These two processes merged to create the inherited space from which the identities of African Diasporic women have evolved. One aspect of this space is rooted in a blended history of patriarchy, capitalism and racism and the other the language, religious, family, and community traditions of Africa. The legacy of this inherited space and the necessity to revive resistance ideology toward a new vision of an evolved, developed or "free" society in the 21st century will be discussed with emphasis on the fact that the free space does not belong exclusively to African women but also benefits white women and poor men, contrary to western feminist ideologies of gender separatism.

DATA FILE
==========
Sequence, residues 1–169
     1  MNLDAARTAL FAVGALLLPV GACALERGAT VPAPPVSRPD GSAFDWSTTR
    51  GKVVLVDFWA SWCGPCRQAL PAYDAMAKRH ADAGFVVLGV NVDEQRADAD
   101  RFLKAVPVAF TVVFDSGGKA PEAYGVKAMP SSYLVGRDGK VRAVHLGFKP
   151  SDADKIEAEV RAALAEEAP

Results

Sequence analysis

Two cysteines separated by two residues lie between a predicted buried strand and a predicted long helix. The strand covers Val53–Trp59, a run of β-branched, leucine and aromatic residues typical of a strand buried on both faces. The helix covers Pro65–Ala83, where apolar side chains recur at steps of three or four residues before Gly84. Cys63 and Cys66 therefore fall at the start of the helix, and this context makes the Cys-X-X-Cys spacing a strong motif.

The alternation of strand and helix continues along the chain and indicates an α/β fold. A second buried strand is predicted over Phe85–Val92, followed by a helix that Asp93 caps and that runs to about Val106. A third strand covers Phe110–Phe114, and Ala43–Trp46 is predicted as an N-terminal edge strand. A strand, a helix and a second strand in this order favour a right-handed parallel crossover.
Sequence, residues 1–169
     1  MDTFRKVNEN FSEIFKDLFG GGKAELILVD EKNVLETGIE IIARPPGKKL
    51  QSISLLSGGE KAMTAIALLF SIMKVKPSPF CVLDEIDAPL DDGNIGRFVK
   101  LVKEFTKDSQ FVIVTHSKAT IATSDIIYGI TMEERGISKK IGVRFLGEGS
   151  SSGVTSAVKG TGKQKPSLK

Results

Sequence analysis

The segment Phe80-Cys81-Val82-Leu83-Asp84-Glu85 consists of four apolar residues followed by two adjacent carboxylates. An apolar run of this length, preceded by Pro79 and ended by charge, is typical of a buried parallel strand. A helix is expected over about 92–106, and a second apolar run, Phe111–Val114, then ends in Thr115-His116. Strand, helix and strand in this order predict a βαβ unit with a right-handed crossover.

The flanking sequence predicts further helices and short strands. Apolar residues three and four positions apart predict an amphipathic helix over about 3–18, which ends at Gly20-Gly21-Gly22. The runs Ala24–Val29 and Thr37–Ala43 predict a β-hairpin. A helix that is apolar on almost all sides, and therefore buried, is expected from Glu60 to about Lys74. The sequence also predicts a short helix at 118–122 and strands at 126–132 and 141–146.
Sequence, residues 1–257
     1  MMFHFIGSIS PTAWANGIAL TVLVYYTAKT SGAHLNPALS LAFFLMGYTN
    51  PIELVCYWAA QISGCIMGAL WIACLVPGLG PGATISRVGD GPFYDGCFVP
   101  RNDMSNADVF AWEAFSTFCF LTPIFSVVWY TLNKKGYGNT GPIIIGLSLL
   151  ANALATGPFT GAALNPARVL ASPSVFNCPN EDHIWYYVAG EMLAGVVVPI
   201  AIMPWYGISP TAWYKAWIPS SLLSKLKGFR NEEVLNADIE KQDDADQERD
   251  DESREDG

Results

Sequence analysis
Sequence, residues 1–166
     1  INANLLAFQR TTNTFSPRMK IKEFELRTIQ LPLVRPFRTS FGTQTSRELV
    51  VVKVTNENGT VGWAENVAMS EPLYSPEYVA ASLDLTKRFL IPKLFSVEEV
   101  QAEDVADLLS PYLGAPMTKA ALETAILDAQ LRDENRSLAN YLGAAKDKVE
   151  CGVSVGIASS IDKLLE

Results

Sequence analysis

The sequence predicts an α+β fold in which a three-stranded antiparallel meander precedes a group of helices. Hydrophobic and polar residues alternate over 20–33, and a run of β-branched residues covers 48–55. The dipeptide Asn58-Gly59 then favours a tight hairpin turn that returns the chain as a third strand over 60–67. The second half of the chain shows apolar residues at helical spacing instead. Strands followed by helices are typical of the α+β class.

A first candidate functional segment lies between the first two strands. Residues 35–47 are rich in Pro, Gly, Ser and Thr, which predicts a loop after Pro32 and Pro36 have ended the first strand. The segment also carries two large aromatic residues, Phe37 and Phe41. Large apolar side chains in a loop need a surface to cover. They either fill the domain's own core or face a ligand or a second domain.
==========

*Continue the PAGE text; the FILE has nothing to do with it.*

During slavery, the concept of Black womanhood was strategically crafted to meet the capitalist, social and sexual objectives of the colonizers as Karl Marx emphasized in Volume 1 of Capital (Marx, 1887). The African woman, child and man was violently molded into an article of trade, a form of property with a value equal to that of any farm animal. Their terrorized existence was socially and legally sanctioned and consisted of abject physical violence, economic exploitation, social humiliation and sexual persecution (Beckles, 2003). Whether to justify their own pathologies or to implement a strategy deemed most effective in their pursuit of political, sexual, and economic objectives, the slave-holders treated Black women, men and children as less than white, less than woman, less than man, and less than human. The legacy of slavery has shaped all subsequent relationships that Black women, men and children had in their families and communities (Collins, 1990; Paterson, 1987).